East Texan stationed in Pearl Harbor 70 years ago recalls day 'all hell broke loose'
By Angela Ward firstname.lastname@example.org
Dec. 6, 2011 at 11 p.m.
Nowadays, Bill Terry is a grandfather and great-grandfather, living a quiet life in White Oak.
Seventy years ago, he was a teenage sailor in the U.S. Navy caught up in one of the most momentous events in the 20th century: the Japanese attack on Hawaii's Pearl Harbor on Dec. 7, 1941.
Terry was a gunner's mate on the USS Reid, a destroyer docked at Pearl Harbor. He was awoken that long-ago Sunday morning by several of his shipmates trying to figure out what was going on above deck.
"It was completely unexpected," Terry said. "We came up out of the hatch, and all hell broke loose."
Terry went to his station and began firing at the enemy aircraft - something he'd practiced many times but had never done until that day.
"We didn't stay in the harbor long," he said. "Our ship was out and patrolling the islands within a few hours of the attack."
The events of Pearl Harbor might have been harder on his family back home in Texas than they were on him, Terry said. They knew he was stationed there, but it was several months before he was able to contact them and reassure them that he hadn't been killed or injured in the attack.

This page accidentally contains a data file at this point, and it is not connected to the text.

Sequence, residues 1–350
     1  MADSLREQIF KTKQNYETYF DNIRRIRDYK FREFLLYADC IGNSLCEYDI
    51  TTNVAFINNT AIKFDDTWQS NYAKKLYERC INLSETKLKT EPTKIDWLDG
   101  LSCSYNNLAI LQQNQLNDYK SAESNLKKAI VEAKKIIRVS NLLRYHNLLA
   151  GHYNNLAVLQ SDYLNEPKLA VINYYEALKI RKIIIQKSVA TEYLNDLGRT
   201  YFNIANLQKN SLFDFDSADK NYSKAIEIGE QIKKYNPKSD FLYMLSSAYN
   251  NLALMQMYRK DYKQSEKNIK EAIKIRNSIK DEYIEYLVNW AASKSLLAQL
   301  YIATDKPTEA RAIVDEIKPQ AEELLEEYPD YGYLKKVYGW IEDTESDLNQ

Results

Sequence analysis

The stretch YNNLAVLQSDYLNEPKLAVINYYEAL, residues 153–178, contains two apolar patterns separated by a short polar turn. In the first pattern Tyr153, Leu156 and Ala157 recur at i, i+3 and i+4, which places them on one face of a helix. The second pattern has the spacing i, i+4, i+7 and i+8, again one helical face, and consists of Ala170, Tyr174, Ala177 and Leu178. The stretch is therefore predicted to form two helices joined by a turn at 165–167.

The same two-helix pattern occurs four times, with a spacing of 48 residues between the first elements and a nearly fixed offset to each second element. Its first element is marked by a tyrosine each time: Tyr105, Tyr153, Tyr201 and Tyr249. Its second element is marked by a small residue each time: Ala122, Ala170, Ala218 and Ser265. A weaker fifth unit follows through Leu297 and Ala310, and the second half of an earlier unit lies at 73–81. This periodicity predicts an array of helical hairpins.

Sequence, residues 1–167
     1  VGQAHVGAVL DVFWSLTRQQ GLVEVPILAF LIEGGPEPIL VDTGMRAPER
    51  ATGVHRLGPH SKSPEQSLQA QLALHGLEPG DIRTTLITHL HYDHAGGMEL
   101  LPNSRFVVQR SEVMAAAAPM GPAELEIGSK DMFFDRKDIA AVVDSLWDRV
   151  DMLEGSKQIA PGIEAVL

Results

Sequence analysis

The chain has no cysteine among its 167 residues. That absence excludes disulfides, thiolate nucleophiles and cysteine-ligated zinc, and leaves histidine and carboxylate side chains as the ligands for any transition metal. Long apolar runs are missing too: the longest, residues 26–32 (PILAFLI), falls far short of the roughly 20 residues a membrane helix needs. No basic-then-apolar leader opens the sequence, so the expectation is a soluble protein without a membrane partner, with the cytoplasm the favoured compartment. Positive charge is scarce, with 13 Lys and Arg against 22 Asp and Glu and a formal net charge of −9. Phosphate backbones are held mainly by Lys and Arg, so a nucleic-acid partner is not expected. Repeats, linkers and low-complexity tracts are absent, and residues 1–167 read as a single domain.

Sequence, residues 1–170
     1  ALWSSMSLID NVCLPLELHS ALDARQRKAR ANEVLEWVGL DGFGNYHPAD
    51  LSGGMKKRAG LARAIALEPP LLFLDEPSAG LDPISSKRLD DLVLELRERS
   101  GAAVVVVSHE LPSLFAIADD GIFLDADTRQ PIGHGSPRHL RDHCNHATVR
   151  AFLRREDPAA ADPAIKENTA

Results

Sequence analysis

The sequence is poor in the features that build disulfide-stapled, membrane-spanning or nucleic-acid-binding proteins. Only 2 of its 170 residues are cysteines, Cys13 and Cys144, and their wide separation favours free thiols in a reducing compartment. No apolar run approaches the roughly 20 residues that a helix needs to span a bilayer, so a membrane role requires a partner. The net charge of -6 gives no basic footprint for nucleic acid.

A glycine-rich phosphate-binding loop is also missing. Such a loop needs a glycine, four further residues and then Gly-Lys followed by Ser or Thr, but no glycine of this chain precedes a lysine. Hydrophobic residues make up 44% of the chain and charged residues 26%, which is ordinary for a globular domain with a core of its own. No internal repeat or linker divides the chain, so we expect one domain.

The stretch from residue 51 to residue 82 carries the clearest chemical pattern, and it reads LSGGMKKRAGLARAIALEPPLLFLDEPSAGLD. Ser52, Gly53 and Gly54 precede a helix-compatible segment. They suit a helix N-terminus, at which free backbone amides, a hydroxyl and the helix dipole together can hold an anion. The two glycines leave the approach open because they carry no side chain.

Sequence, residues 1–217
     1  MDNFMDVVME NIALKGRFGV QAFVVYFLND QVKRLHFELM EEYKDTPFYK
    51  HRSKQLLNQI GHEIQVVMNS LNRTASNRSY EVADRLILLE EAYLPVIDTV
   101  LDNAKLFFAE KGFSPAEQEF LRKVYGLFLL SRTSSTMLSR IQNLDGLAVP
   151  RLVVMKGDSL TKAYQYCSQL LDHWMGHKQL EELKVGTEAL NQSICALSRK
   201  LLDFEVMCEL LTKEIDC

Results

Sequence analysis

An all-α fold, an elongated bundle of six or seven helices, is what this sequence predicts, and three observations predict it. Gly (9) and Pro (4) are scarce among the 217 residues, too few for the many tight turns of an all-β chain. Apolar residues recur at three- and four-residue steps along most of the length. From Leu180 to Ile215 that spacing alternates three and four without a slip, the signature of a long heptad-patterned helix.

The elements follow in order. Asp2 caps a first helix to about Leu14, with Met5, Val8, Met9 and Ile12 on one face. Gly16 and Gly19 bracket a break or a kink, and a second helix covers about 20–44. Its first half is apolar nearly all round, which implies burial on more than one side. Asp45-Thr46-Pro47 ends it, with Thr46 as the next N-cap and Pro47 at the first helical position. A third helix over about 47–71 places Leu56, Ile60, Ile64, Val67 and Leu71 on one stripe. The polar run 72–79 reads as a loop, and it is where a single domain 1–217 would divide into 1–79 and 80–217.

"I'd joined the Navy the year before, because I didn't like the life of a farmer," Terry said. "I was a typical teenager, didn't pay a lot of attention to world politics, so the war caught me by surprise."
There were actually two attacks, he said, but they came so close together that it seemed like one long, continuous assault.
"We just did what we'd been trained to do," Terry said. "It was more or less automatic behavior for us."
Terry spent six years in the Navy and, although the USS Reid suffered no damage during the attack at Pearl Harbor, it was sunk by a Japanese kamikaze attack near Surigao Straits in December 1944.
"I ended up jumping off the ship as it was sinking," Terry said. "A lot of my friends didn't make it, but those of us who did held regular reunions up until a few years ago."
There aren't many survivors of Pearl Harbor left, and many of those who are still alive are in too fragile a state of health to travel, he said.
"I liked being in the Navy," Terry said. "I would have joined even I'd known Pearl Harbor would be bombed while I was stationed there. I really think everybody should join some branch of the service for a few years."
Terry spent most of his post-Navy years working for Exxon. He and his wife, Marlena, have eight children and 17 grandchildren between them; it is a second marriage for both.